Wednesday, May 6, 2009

Op-Ed: Reauthorize the Workforce Investment Act, by Rep. Mike Castle (R-Del)

Reauthorize the Workforce Investment Act

by Rep. Mike Castle (R-Del)

Americans are currently facing serious economic challenges. In just one year, the number of unemployed workers across the nation has increased by about 5.3 million, leaving high school and college graduates to face the toughest job market in decades. While unemployment rates continue to rise, the recession has provided several industries with real opportunities for growth.

To obtain the skills needed for these expanding fields, recent graduates and un- and underemployed workers are turning to the classroom. Changes in consumer demand, technology and many other factors have contributed to the continually changing employment structure in the U.S. economy. The sectors projected to be the fastest-growing over the next several decades are education and health services. Employment of teachers is expected to grow by 12 percent between 2006 and 2016, creating about 479,000 additional positions in the education field.
Healthcare and social assistance — including public and private hospitals, nursing and residential care facilities and individual and family services — is expected to grow by 25.4 percent, which would add approximately 4 million new jobs. These are bright spots in the economy that we can cultivate.

Now more than ever, job-training programs must be utilized to provide workers with the skills and training they will need during these challenging economic times. As many industries continue to shift and grow, we can encourage community and business leaders to include job training and postsecondary education programs as a bridge for job-seekers.

In Congress, I am hopeful that we will advance employment opportunities by revising and reauthorizing the Workforce Investment Act. WIA currently works to give job-seekers access to job training services, counseling, and labor market information to help them get back on their feet. Although the legislation has been successful, more work is needed to strengthen and improve America’s job-training system to encourage states, communities and educational institutions to give workers the training they need to find good jobs.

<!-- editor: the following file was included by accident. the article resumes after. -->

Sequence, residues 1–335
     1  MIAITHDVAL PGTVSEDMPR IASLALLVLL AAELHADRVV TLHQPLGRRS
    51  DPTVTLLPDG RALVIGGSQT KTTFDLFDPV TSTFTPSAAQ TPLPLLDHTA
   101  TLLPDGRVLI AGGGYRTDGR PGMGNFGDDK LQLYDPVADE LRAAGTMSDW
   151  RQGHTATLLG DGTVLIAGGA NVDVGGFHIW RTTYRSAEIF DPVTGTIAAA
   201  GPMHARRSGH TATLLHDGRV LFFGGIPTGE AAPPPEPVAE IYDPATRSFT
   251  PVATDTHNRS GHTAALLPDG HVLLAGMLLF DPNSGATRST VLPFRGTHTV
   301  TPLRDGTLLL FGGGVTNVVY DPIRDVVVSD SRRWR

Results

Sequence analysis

Additionally, we must promote the community colleges and other educational institutions that have seen increased numbers of student applications and enrollment since the downturn in the economy. They are so often the key to bridging the employment gap.

In these trying times, many students have made more practical decisions to go to a local or community college instead of moving farther away for college. In fact, community college enrollment last year rose about 10 percent from the previous school year. As a co-chairman of the Congressional Community College Caucus, I have seen their potential for working with local government and industry leaders to grow a regional economy through education and practical job-training curricula.

As we consider higher education and job training, I hope we on the House Education and Labor Committee’s Subcommittee on Higher Education, Lifelong Learning and Competitiveness continue to examine what is driving college costs and expand access for students, regardless of their income. With the enactment of the Higher Education Opportunity Act, Congress took many steps toward making college more accessible and affordable through federal grants and access to student loans. We can’t turn away from asking why costs are rising at such rates and whether it is justified to increase at a faster pace than annual family household income.

As the economy continues to change, job-training programs and educational opportunities must also transform to ensure that Americans have the tools they need to be adequately trained to face the job market.

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